The development of novel targeted therapies holds promise for conquering chemotherapy resistance, which is one of the major hurdles in current breast cancer treatment. Previous studies indicate that mitochondria uncoupling protein 2 (UCP-2) is involved in the development of chemotherapy resistance in colon cancer and lung cancer cells. In the present study we found that lower level of miR133a is accompanied by increased expression of UCP-2 in Doxorubicin-resistant breast cancer cell cline MCF-7/Dox as compared with its parental cell line MCF-7. We postulated that miR133a might play a functional role in the development of Doxorubicin-resistant in breast cancer cells. In this study we showed that: 1) exogenous expression of miR133a in MCF-7/Dox cells can sensitize their reaction to the treatment of Doxorubicin, which is coincided with reduced expression of UCP-2; 2) knockdown of UCP-2 in MCF-7/Dox cells can also sensitize their reaction to the treatment of Doxorubicin; 3) intratumoral delivering of miR133a can restore Doxorubicin treatment response in Doxorubicin-resistant xenografts in vivo, which is concomitant with the decreased expression of UCP-2. These findings provided direct evidences that the miR133a/UCP-2 axis might play an essential role in the development of Doxorubicin-resistance in breast cancer cells, suggesting that the miR133a/UCP-2 signaling cohort could be served as a novel therapeutic target for the treatment of chemotherapy resistant in breast cancer.
Citation: Yuan Y, Yao YF, Hu SN, Gao J, Zhang L-L (2015) MiR-133a Is Functionally Involved in Doxorubicin-Resistance in Breast Cancer Cells MCF-7 via Its Regulation of the Expression of Uncoupling Protein 2. PLoS ONE 10(6): e0129843. https://doi.org/10.1371/journal.pone.0129843
Editor: Aamir Ahmad, Wayne State University School of Medicine, UNITED STATES
Received: September 24, 2014; Accepted: May 13, 2015; Published: June 24, 2015
Copyright: © 2015 Yuan et al. This is an open access article distributed under the terms of the Creative Commons Attribution License, which permits unrestricted use, distribution, and reproduction in any medium, provided the original author and source are credited
Data Availability: All relevant data are within the paper and its Supporting Information files.
Funding: The study was supported by a grant from the Jiangsu Province Science Foundation of China (BK2012873) (http://www.jskjjh.gov.cn/13kjskj2/).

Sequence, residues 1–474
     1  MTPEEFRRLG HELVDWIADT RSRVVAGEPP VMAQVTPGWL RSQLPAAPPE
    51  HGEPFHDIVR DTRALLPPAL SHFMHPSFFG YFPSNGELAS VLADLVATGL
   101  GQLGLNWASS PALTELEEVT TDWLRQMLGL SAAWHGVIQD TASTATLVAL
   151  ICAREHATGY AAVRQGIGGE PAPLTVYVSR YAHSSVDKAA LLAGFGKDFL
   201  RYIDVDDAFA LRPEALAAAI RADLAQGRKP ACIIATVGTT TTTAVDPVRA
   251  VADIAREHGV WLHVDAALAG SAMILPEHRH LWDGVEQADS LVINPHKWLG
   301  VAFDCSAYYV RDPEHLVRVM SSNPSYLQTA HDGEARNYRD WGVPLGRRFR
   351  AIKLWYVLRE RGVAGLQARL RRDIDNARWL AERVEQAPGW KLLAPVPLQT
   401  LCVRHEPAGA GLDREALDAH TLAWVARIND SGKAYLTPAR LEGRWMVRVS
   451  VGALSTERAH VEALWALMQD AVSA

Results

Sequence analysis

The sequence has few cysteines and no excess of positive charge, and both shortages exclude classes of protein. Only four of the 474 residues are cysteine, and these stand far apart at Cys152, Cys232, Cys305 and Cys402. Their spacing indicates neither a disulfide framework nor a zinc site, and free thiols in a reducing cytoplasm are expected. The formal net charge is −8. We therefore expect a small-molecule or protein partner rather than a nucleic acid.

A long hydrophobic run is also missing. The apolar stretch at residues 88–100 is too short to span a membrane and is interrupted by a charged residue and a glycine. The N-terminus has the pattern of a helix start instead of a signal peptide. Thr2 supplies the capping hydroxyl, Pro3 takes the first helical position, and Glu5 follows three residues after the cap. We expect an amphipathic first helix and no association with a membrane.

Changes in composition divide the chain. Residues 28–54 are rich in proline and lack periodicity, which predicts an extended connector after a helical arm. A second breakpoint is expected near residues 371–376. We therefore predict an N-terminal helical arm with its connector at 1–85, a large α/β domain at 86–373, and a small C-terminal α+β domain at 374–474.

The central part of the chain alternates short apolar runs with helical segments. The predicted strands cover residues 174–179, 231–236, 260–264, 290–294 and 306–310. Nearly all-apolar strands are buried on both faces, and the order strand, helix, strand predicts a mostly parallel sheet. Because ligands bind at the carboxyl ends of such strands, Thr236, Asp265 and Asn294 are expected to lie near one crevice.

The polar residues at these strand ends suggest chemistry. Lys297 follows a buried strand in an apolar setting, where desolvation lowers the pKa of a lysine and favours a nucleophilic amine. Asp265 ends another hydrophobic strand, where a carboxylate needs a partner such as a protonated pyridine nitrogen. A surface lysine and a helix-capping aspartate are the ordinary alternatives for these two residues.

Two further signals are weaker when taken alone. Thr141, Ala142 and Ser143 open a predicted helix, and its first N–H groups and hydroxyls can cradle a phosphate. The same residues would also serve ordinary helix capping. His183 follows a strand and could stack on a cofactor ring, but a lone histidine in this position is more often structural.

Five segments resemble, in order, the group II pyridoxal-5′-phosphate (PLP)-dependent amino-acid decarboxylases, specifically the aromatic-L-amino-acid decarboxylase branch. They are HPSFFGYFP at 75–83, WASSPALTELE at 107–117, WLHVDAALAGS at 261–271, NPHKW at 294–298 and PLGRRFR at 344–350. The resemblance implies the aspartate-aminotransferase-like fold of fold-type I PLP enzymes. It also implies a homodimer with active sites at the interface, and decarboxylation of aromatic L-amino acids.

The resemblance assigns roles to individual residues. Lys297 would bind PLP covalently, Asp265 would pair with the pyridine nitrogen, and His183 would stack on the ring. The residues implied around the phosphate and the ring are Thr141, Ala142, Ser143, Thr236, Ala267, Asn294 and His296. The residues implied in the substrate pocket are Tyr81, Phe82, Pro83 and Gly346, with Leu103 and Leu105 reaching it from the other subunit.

Competing interests: The authors have declared that no competing interests exist.
To develop optimum strategy for overcoming Doxorubicin resistance is one of the major concerns in current breast cancer treatment. Everlasting endeavors have been made in identifying genes related to chemo-resistances in the past decades [2,3]. However, the link between specific genes and Doxorubicin resistance in breast cancer remains unclear.
Uncoupling proteins (UCP) are a subgroup of mitochondrial anion transporters, which consists of three structurally close members, UCP1/2/3. Among these three members, UCP-1 is highly expressed in the mitochondria brown adipose tissue and functions as a thermo-generating protein for thermogenesis. Regarding UCP-2, it was first identified with UCP-3 in 1997 as homologs of UCP-1. Accumulating evidences showed that UCP-2 is expressed ubiquitously and involved in a variety of physiologic processes, including cellular energy expenditures, proton leak, ATP synthesis and mitochondrial ROS generation. It was reported that increased expression of UCP-2 was found in many cancer cell lines, which might be related to the shifted energy metabolism status of cancer cells. Interestingly, recent findings indicate that UCP-2 might play a functional role in the process of cancer cell biology.Its involvement in chemotherapy resistance suggests this mitochondrial uncoupling protein might serve as a potential therapeutic target for cancer treatment [13–15].
MiRNAs are a subgroup of non-coding RNA and characterized as highly conserved its22-nt single-stranded RNAs that suppress the translation of target genes or induce messenger RNA (mRNA) degradation via their binding to the 3’-untranslated region. Increasing evidences demonstrated that miRNAs epigenetically regulate the expression of genes involved in fundamental cellular processes such as cell proliferation, apoptosis, differentiation, and migration, suggesting their potential oncogenic or tumor suppressing roles in cancer development. Recently studies evidenced the reduced expression of miR-133a in a serial of cancers originated from breast, lung, colon  and ovarian, which is accompanied by poor prognosis and malignant progression. It was also reported that restoration of miR133a in breast cancer cells could inhibit their cell proliferation and invasion, indicating its functional role in breast cancer cell growth.